5 A B C D Figure 4. Receptor and coreceptor mediated entry of virus into CD4 + T-cell. The figure is adapted from Moore and Doms. 46 After CD4 binding, gp120 undergoes a conformational change and exposes the coreceptor binding site on Env (B). The triggered Env binds to a seven-transmembrane domain coreceptor (third section, CoR). The hydrophobic fusion peptide at the N terminus of gp41 becomes exposed and inserts into the membrane of the cell (C). Whether this results from CD4 binding or coreceptor binding is not known. Coreceptor binding ultimately results in formation of a six-helix bundle in which the helical HR2 domains in each gp41 subunit fold back and pack into grooves on the outside of the triple-stranded HR1 domains (D), bringing the fusion peptide and transmembrane domain of gp41 (and their associated membranes) into close proximity. It is likely that several Env trimers need to undergo this conformational change in order to form a fusion pore, although here only two trimers are depicted. It is not known whether gp120 remains associated during the fusion process or dissociates from gp41. Although only a single CD4-binding event is shown, multiple CD4-binding events may be needed to activate a single Env trimer. (reproduced with permission from Proc. Nat l Acad. Science) Figure 5. The conserved epitopes that are the target of inducing neutralizing antibody responses are shown as presented by Wyatt and colleagues 59 The Cα tracing of gp120 oriented with viral membrane at top and target cell membrane at the bottom. The residues involved in CD4 binding site are shown in red; and Env residues involved in 17b binding within 4Å are shown in green and carbohydrate dependent epitope recognized by 2G12 is shown in blue. (reproduced with permission from Nature) Antibodies directed against the CD4 binding site (CD4 BS) It has been proposed that antibodies directed towards the CD4BS would be particularly effective at blocking infection. Indeed, many monoclonal antibodies against the CD4 BS have been developed that can neutralize T-cell line adapted isolates, 63,64 suggesting that these epitopes are relatively well exposed on the virion surface. 65 The most potent and well-characterized monoclonal antibody against the CD4BS, b12, 50 neutralizes a broad range of primary isolates and confirms the critical role of the CD4BS in HIV-1 infection. 66,67 Interestingly, other CD4BS monoclonal antibodies such as 559/64D, 15e, F105, b3 and b6 do not neutralize primary isolates. 68,69 The reasons for this discrepancy are not yet understood, but b12 differs from all the other CD4BS antibodies in its sensitivity to V1-V2 loop deletion. 70 It is not known if b12 contacts the V1-V2 loop or if the sensitivity is due to an indirect effect of conformational rearrangements following V1-V2 deletions. Recently it has been shown that anti- CD4BS antibodies such as 559/64D and 650-D may interfere with the processing of gp120 by antigen-presenting cells and block subsequent presentation of gp120 epitopes to Env-specific helper T cells It is interesting to note that no other antibodies to other epitopes on gp120, 71 and not all CD4 BS mabs display this phenomenon. It has been shown by Herrera and colleagues (2003) that neutralizing (b12) and non-neutralizing antibodies ( ; and ) do compete for binding to gp120 monomer demonstrating the close topological proximity of epitopes recognized by these mabs. 74 However, non-neutralizing mabs do not interfere with neutralizing activity of b12. The complexity of the CD4BS and the limited availability of anti-cd4bs cross-neutralizing mabs has made it so far difficult to design an immunogen that will give rise to neutralizing antibodies to this domain of Env. CD4 inducible (CD4i) conformational epitopes in gp120 Upon binding to CD4 the Env undergoes a conformational change that exposes specific sites on Env known as the CD4-inducible epitopes as depicted in Figure 4. Antibodies that show reactivity towards HIV Env when it is complexed with soluble CD4 (scd4) were found in HIV-1- infected individuals, 51 suggesting that these epitopes are immunogenic. Several such human mabs have been identified including 17b, 48D, CG10, 23E and X The region recognized by these anti-cd4i monoclonal antibodies has now been mapped to β-strands in the V1/V2 stem and the C4 region of gp120. These regions are involved in binding of Env to chemokine receptors Surprisingly, 17b and other CD4i mabs in their complete IgG form do not neutralize most primary isolates. 77 In contrast, Fab and single-chain fragments of these anti-cd4i mabs neutralize primary isolates 76,81 suggesting that there may be space constraints between the CD4i epitope on gp120 and the target cell membrane. 82 Therefore the entire IgG molecule may not be capable of neutralization due to steric hindrance. 83,84 However, further studies are needed to confirm the accessibility of these conformational epitopes for targeting them for vaccine application. Carbohydrate dependent epitopes in gp120 HIV Env is heavily glycosylated with approximately 50% of its mass is due to carbohydrates. 85 It has been demonstrated that glycosylation is critical for the Env-CD4 interaction, since non-glycosylated Env protein (env2-3) does not bind to CD4. 86,87 Thus, carbohydrate moieties on Env appear to provide a functional conformation to Env critical for its interaction with CD4. In addition, based on the crystallization studies of gp120, it appears that the exposed face of gp120 is heavily glycosylated (Fig.6A). Even in context of trimer, molecular modeling studies suggest that heavily glycosylated part of the molecule is exposed to the immune system 61. These data suggest that extensive glycosylation may shield critical neutralizing epitopes. Human Vaccines 49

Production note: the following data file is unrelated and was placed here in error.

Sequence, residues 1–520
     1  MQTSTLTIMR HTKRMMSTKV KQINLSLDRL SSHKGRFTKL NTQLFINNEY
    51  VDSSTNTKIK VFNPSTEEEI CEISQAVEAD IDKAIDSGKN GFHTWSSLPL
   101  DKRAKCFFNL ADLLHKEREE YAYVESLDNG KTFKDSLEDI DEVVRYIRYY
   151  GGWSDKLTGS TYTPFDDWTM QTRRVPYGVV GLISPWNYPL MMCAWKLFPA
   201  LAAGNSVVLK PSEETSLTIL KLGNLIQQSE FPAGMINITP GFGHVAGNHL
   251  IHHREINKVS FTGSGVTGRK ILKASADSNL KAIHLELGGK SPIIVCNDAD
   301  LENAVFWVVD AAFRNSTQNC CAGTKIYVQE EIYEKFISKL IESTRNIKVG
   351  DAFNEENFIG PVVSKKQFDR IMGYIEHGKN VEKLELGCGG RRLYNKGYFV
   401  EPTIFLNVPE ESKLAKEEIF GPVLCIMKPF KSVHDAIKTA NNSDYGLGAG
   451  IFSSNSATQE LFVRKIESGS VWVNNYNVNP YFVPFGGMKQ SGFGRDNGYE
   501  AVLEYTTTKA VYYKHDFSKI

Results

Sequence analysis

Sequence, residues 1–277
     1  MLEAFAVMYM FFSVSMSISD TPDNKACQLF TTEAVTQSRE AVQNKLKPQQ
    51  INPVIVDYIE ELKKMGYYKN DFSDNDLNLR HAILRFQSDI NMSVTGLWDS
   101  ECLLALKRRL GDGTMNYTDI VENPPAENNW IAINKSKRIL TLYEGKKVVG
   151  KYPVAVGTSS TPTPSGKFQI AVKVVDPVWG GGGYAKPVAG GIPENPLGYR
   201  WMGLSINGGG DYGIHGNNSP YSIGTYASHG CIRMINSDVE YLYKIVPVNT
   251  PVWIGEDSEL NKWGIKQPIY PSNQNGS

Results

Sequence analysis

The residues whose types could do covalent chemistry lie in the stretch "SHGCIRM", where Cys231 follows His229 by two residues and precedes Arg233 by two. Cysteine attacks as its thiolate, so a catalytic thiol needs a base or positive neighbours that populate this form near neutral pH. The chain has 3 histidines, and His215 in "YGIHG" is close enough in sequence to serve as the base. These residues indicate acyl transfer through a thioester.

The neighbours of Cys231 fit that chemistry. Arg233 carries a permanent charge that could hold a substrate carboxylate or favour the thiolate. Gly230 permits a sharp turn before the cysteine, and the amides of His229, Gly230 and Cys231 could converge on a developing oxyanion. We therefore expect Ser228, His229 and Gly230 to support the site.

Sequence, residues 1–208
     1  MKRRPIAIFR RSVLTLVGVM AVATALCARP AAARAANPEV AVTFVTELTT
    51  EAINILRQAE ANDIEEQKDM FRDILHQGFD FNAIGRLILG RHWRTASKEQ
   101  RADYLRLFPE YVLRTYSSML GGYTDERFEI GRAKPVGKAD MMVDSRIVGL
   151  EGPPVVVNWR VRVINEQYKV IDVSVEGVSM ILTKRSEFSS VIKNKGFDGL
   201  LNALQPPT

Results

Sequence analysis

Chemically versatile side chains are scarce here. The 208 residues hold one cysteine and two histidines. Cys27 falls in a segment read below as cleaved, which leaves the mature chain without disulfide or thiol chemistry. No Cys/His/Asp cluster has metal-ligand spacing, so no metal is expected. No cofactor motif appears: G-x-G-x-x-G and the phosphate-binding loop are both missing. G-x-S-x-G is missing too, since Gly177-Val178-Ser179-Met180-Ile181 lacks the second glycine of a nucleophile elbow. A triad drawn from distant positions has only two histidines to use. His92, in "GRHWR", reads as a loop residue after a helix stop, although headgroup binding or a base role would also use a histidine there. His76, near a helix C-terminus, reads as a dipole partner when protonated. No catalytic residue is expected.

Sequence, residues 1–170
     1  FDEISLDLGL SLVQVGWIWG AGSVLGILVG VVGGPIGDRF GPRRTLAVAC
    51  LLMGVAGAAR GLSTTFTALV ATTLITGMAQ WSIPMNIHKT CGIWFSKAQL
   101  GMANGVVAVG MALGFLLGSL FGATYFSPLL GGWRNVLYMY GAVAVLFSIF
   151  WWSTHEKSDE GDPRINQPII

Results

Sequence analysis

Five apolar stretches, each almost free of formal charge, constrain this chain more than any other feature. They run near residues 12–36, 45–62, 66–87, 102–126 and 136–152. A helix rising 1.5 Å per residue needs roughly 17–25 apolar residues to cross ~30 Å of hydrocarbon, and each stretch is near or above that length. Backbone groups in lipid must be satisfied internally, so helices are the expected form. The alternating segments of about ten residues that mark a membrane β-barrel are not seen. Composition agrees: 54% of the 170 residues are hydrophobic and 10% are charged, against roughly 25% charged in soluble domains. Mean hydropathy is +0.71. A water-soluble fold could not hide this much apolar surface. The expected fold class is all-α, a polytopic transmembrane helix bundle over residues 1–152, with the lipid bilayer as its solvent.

6 Therefore, it is not surprising that antibodies recognizing carbohydrate-dependent epitopes on Env are not readily induced during the course of natural infection. The best-studied anti-carbohydrate antibody with neutralizing activity is mab 2G12, which targets a cluster of carbohydrate moieties in gp ,88 This mab has broad neutralizing activity both against T cell lineadapted and primary HIV-1 isolates. 19,52 However, its reactivity may be limited, as it does not neutralize subtype C isolates. 89 The unconventional configuration of this mab 90 and the poor immunogenicity of the epitope recognized by 2G12 52 raises questions about the mode of neutralization (since the epitope recognized by this mab has been localized on the immunologically silent face of gp120) and how to design an immunogen with optimal exposure of this epitope. Based on oligomeric modeling studies it seems that the immunologically silent face of Env is likely to face towards the target cell membrane, therefore it is conceptually possible to understand that 2G12 may Table 1 neutralize the virus by preventing the interaction of virus with target cells. In a recent study Mehandru and colleagues have demonstrated that only a smaller percentage of the early viruses are sensitive to 2G12 mediated neutralization. 91 Furthermore, Dacheux and colleagues have studied the antigenicity and exposure of critical neutralizing epitopes recognized by 2F5, b12 and 2G12 mabs in 94 full length Env clones present during the early infection and at least 4 years later in four HIV-1 clade B infected patients. 92 Minor exposure differences were observed for 2F5 and b12 epitopes in early isolates versus late isolates. However, Env glycoprotein of the HIV-1 quasi species present during the primary infection did not expose the 2G12 neutralizing epitope. These observations suggest that the level of exposure of this epitope is different in early isolates versus late isolates and demonstrate the relationship between the evolving glycan shield of HIV and the kinetics of the exposure of 2G12 during the course of natural infection. Further studies will be needed to answer these questions to efficiently target this epitope with a vaccine. Epitopes in variable regions of virus envelope The structure of HIV Env is relatively complex, with five disulfide bonded variable loops and conserved domains (Fig.3B). It has been demonstrated that the Env protein is differentially glycosylated with the variable loop regions having predominantly complex carbohydrates, and the conserved domains having terminal mannoses (Fig.3B). The variable loops are highly immunogenic, particularly the epitopes in the V2 and V3 variable loops and are targets for neutralizing antibody responses Several of these neutralizing antibodies are considered to be isolate-specific and, under immune pressure, these epitopes are the first to be mutated, thereby allowing the Conserved epitopes on the Env that are targets for developing an HIV vaccine Env Region Targeted Epitope Examples of mabs Characteristics gp120 CD4-dinding F105 These antibodies compete with CD4 for binding to site (CD4BS) 15e Env. Not all of the CD4BS antibodies neutralize 21h primary isolates. 559/64D 650-D 448D 39.3 b12 b3 b6 830D CD4-inducible 17b Binding of Env to CD4 enhances the exposure of conformational 48D these epitopes. Most of these antibodies epitope 23E neutralize primary isolates as Fab and not as the 49E whole IgG. 21C E51 X5 CG10 Carbohydrate-dependent 2G12 Poorly immunogenic and binding is dependent epitope upon proper N-linked glycosylation. Epitopes in close proximity 2F5 These antibodies interfere in fusion to viral membrane 4E10 therefore prevent viral entry. Z13 To date, these are the most potent antibodies identified. gp41 Cluster I of gp41 Clone D Highly immunogenic epitope, but Clone 3 is the only one of many mabs specific for this epitope that has neutralizing activity. virus to escape antibody-mediated neutralization. 84,93 It is for this reason that targeting these epitopes for vaccine development has been controversial. Epitopes in variable loop 2. Deletion of V1 and/or V2 loops does not affect virus infectivity, 94,95 suggesting that these regions by themselves are not critical to virus replication or entry. The V1/V2 loop not only varies in sequence but also varies in length because of insertions and deletions, 96 suggesting a lack of structural constraint in this region. More recent data indicates that V1/V2 loop may be smaller in primary isolates with its length increasing after passage in vitro. 96 Therefore, these epitopes may not be useful targets for inducing neutralizing antibodies with broad protective efficacy. However, the V1/V2 regions are structurally important for the gp41-independent interaction of gp120 subunits with each other in the context of an Env trimer 97 and, also in masking conserved epitopes near the bridging sheet responsible for interaction with the chemokine receptor. 94,95, Thus, deletion of the V2 loop in context of the trimer provides better access to neutralizing epitopes in the proximity of the co-receptor binding site. 101 In contrast, the stem of the V1/V2 loop is relatively well conserved and is involved in the formation of the chemokine receptor binding site and interaction with CD4, 98,102 suggesting that the V1/V2 stem is functionally important and, could be an appropriate target for inducing neutralizing antibodies against HIV. However, antibodies specific to this region have not yet been discovered. Epitopes in variable loop 3. The V3 loop is immunogenic and anti-v3 antibodies are induced early during infection and after immunization. 2,55,56,103 However, a large proportion of these antibodies are directed against linear epitopes in the V3 loop, which serve as decoys for directing 50 Human Vaccines 2005; Vol. 1 Issue 2